Just when you think the kid's getting a bit wiggy, someone suggests it's possibly early-onset-Nobel Prize...
..get outa town?!!
..get outa town?!!
I was staggering up the beach, recently sprayed with wet-dog-shake, struggling to make it to our towels so we could head home.
The Orange Dog was dancing around us, so relieved we’d stopped swimming beyond his depth and therefore negating any impending lifesaving duties. He’d scratched us to pieces in the water with his claws doing his circling-shark impersonations; such a well-meaning and neurotic dog.
I was simultaneously tripping over our dry-land-circling-shark and dragging She-Who-Worships-Pink by one arm trying unsuccessfully to stop her rolling in the sand while she's still very wet.
Only moments earlier, when I’d told her we had to go, she’d shot off down the beach barking at seagulls.
I said; "Can you please stop being a puppy now and go back to being a little girl? You're not a very well trained or well behaved puppy and you do much better listening when you're a little girl."
She looked up at me and said:
I have this little girl Lulu. She is small and very funny.
I don’t know if you know the Charlie and Lola books and cartoons by Lauren Child?
They are wonderful. Non-violent, non-shouty, the music doesn't make you want to Van Gogh your own ears. Everyone speaks nicely (Even Marv with his East London accent) and everyone displays good manners and consideration for others.
I actually bought our first Charlie and Lola book because Lola reminded me of our girl; with her comical expressions and untidy blonde, sticky-uppy hair.
In one story, Charlie becomes concerned and then embarrassed that Lola won’t stop “being an alligator”. Well I’m waaaaaay past embarrassed, because my girl often finds it very hard to get ‘out of character’ too, but for her it’s mostly about puppies.
She turns doggy frequently and inconveniently and, as I told her this day on the beach, she’s not a very well behaved puppy. But you can rest assured she will stay a puppy for “completely ages”.
The pup-act usually comes into play when we’re trying hard to be somewhere on time. She’ll sit on the floor and wiggle her bum (pretend tail-wag), busy herself in a pretending-to-poo-squat or pretend-cock her leg on the furniture. Nice. And every pleading moment her response will be ‘arf’.
Am I worried? Do I look worried? Well I confess due to an increasing amount of time spend touring the realms of Imaginaria, I did what all parents do; I Googled it.
According to the experts, it’s not only normal, it’s desirable?!
That’s easy for them to say – they don’t have to drag wet and sandy pretending-puppies up to the beach showers for a hose-down. Or wait until someone’s taken an imaginary dump on the living room carpet then demanded it be bagged up, before you can leave the house.
Anyway they seem convinced by their research and there's sure a lot of it:
“An important benefit of early pretend play may be its enhancement of the child’s capacity for cognitive flexibility and, ultimately, creativity (Russ, 2004; Singer & Singer, 2005).”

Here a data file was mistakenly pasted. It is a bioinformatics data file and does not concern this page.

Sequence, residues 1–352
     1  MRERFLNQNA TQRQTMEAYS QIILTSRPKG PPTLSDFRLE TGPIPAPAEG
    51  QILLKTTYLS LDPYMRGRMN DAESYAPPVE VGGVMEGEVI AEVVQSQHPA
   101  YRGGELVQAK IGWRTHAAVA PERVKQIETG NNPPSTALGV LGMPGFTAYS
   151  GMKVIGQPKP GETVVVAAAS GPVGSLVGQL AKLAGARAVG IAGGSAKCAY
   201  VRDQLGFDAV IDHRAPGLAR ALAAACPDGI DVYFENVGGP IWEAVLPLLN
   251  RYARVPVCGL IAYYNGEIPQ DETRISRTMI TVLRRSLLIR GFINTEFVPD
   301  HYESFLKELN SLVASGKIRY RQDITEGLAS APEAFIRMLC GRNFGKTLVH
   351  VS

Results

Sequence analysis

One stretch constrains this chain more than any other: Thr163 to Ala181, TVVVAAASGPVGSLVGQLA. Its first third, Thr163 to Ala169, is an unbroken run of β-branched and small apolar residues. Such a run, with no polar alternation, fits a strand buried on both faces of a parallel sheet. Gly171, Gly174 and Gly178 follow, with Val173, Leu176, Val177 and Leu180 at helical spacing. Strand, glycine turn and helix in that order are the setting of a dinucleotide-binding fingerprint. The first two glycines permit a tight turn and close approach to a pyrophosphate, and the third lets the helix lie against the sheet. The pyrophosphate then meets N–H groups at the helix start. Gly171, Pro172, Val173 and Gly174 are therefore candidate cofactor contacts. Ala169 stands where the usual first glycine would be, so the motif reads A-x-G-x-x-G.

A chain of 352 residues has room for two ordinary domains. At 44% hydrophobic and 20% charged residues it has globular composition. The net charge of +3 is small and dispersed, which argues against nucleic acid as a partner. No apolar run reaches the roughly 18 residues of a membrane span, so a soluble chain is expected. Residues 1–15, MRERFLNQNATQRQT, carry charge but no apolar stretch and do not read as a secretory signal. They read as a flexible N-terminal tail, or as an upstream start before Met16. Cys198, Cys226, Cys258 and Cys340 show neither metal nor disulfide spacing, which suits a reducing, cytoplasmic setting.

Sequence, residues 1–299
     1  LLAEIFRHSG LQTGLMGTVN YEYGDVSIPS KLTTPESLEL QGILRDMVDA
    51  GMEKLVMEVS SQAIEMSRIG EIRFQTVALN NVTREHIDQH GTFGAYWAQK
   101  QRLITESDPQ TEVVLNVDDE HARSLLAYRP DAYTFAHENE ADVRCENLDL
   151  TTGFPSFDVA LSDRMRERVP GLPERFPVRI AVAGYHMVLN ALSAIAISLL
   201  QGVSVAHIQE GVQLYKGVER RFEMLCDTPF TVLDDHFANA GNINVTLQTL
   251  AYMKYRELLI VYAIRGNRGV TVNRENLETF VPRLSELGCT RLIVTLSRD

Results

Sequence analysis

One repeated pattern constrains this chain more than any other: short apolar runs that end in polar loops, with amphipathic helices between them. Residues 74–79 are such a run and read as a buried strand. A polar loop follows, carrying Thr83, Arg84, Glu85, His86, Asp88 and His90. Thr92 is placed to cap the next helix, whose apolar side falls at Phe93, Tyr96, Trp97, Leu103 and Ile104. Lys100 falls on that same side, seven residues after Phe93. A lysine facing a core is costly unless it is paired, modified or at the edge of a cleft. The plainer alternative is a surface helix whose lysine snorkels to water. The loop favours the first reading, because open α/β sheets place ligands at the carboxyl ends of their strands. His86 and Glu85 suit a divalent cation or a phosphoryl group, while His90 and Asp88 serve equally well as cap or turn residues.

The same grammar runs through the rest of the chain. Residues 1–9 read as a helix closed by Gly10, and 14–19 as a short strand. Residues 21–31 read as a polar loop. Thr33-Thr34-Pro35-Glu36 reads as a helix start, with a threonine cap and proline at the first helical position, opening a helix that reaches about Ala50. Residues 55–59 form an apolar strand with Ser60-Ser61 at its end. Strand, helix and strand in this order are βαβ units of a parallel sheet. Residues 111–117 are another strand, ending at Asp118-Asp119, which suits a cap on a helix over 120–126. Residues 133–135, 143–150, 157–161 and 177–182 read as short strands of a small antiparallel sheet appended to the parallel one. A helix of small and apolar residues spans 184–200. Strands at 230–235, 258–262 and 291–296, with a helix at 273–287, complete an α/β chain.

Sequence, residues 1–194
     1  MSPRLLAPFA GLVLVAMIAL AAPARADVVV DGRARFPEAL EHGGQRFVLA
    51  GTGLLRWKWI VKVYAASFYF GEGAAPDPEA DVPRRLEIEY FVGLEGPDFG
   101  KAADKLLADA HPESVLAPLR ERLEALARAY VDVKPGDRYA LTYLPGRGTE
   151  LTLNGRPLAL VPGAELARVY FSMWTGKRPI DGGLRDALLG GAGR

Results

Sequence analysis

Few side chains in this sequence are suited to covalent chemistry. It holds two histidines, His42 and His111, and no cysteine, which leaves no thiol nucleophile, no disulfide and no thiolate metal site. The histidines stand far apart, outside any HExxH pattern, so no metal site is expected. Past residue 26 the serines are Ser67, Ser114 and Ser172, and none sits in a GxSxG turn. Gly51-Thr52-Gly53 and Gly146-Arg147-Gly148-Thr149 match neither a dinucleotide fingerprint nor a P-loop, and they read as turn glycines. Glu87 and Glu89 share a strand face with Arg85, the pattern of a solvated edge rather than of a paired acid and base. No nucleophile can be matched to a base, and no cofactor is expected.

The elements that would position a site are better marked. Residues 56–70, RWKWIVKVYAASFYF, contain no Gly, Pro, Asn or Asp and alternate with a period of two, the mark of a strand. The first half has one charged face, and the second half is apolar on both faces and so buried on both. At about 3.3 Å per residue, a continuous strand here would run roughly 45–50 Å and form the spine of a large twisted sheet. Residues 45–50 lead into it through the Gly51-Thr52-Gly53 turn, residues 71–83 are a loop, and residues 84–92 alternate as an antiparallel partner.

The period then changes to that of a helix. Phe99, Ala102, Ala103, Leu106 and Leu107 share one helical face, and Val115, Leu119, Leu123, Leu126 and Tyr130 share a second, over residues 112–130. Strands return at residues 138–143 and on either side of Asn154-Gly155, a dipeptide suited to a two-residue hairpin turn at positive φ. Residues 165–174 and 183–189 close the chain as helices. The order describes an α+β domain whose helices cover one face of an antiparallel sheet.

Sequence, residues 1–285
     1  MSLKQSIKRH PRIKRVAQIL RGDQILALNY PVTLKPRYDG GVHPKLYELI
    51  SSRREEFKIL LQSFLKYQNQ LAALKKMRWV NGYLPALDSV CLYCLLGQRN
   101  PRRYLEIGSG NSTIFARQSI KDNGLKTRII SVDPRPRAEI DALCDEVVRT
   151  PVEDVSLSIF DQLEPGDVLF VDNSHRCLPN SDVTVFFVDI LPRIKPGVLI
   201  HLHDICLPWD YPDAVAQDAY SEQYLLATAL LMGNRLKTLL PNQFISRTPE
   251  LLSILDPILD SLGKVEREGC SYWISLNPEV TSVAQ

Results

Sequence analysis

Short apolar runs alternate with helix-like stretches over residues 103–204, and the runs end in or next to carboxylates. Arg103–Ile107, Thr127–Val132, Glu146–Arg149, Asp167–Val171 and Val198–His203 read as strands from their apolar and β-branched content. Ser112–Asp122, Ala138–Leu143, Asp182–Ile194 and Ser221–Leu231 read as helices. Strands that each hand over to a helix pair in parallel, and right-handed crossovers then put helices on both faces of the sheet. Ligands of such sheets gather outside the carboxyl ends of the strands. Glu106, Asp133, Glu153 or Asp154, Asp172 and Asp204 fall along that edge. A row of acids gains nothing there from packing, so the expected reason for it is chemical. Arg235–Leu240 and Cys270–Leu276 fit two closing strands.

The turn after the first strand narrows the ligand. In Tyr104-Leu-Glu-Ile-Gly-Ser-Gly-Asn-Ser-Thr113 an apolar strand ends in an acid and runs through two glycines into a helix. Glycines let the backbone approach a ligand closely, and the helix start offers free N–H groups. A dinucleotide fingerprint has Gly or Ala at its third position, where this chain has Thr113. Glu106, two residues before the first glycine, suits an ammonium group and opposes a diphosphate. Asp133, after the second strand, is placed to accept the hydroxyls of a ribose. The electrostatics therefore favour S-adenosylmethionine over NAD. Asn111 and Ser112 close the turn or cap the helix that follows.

I take it that’s a good thing.
“The research reviewed by Berk, Mann & Ogan, (2006) and Hirsh-Pasek, Golinkoff, Berk, & Singer (2009) suggest that make-believe games are forerunners of the important capacity for forms of self-regulation including reduced aggression, delay of gratification, civility, and empathy.”
My girl could do with learning a bit of delayed gratification – she’s already going on about next Christmas… But the really encouraging passage in this article (from Psychology.com) was this one:
“Root-Bernstein’s research with clearly creative individuals such as Nobel Prize winners and MacArthur Foundation “genius” grant awardees, indicated that early childhood games about make-believe worlds were more frequent in such individuals than in control participants in their fields (Root-Bernstein, 2012).”
So what they’re saying is that if we survive the pretend puppy phase, the imaginary pets; (lions, tigers, ponies and guinea pigs – because they all get along so well), the imaginary planets: (have you ever been to planet Biscuit? We have a resident of that planet living under our roof)..
… after all that, we could have a Nobel Prize winner on our hands?!!
OK. Cool I’ll look forward to that.
Today I happened to walk past the school ground at recess and I saw my girl alone with a skipping rope wound around one leg pulling hard on something that clearly wasn’t there. So I asked her about it on the walk home.
“I was having a tug of war with my Lions” “And I was winning mummy!!!”
Hey rodeo lady, what is wiggy? is it Australian. Good research. Who gave them skipping ropes??? are you stalking the school?ReplyDelete
Hello Sew Paint It,ReplyDelete
Sew nice to hear from you,thank you for your kind comments and I'm sew sorry to be late responding :0)
OK 'Wiggy': In a nutshell: Acting Strange. According to the Urban Dictionary- When something [someone] is really weird or is completely not-like what it [they] appear to be.
Yes, I am stalking the school trying to see if my weird little lover of pink is playing with any of her 'real human friends'.. actually I was on my way to the gym [!!!!!!!!!!!]
We'll see how long that noble endeavor lasts, considering I started today with paracetamol :0/
well how about a post on making sandwich box foods like pancakes etc?ReplyDelete
This comment has been removed by the author.ReplyDelete
Did you miss that one? And have you checked out my new page Lunchbox Lush?ReplyDelete